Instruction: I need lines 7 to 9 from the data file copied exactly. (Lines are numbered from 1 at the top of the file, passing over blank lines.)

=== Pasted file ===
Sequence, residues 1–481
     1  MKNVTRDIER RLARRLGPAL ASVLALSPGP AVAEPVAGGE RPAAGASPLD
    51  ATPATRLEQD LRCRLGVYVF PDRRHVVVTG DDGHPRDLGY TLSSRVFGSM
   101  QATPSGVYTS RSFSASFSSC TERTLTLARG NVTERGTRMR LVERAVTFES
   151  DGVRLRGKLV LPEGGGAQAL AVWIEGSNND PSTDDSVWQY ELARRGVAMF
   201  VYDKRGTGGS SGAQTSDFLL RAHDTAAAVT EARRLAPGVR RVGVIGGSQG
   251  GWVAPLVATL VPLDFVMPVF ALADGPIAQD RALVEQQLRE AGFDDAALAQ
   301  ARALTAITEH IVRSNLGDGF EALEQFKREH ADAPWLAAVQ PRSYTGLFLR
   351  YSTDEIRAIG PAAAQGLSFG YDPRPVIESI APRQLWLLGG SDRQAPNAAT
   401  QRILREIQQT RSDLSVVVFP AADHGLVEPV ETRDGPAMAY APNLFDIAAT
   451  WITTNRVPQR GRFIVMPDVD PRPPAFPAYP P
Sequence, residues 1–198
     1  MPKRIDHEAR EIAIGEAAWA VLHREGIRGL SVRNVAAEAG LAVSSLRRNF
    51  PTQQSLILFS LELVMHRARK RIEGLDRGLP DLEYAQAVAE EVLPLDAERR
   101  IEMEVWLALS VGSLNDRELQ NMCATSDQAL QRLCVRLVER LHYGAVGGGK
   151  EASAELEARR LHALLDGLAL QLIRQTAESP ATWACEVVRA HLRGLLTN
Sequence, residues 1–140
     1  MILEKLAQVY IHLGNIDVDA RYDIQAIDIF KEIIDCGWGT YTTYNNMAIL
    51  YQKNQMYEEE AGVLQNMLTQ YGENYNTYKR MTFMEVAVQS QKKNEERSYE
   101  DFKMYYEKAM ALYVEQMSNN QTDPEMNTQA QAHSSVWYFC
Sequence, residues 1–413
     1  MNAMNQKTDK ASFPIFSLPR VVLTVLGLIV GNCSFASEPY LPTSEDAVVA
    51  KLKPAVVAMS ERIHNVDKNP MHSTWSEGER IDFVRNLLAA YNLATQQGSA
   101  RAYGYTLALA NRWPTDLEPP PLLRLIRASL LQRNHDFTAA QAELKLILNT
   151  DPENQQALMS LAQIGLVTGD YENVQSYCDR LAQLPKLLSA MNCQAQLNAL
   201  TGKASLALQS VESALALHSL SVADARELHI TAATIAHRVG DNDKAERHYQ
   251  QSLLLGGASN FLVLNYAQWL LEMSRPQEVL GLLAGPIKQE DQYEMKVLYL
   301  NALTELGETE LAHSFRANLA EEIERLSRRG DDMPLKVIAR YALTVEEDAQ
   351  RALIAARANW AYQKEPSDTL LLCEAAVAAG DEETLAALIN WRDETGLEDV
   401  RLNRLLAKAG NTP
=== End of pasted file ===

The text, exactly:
   251  GWVAPLVATL VPLDFVMPVF ALADGPIAQD RALVEQQLRE AGFDDAALAQ
   301  ARALTAITEH IVRSNLGDGF EALEQFKREH ADAPWLAAVQ PRSYTGLFLR
   351  YSTDEIRAIG PAAAQGLSFG YDPRPVIESI APRQLWLLGG SDRQAPNAAT